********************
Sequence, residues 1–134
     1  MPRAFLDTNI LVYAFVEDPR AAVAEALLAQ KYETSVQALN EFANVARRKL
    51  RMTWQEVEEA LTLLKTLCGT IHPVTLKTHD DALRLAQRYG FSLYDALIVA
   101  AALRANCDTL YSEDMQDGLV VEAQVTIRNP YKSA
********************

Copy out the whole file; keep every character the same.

Sequence, residues 1–134
     1  MPRAFLDTNI LVYAFVEDPR AAVAEALLAQ KYETSVQALN EFANVARRKL
    51  RMTWQEVEEA LTLLKTLCGT IHPVTLKTHD DALRLAQRYG FSLYDALIVA
   101  AALRANCDTL YSEDMQDGLV VEAQVTIRNP YKSA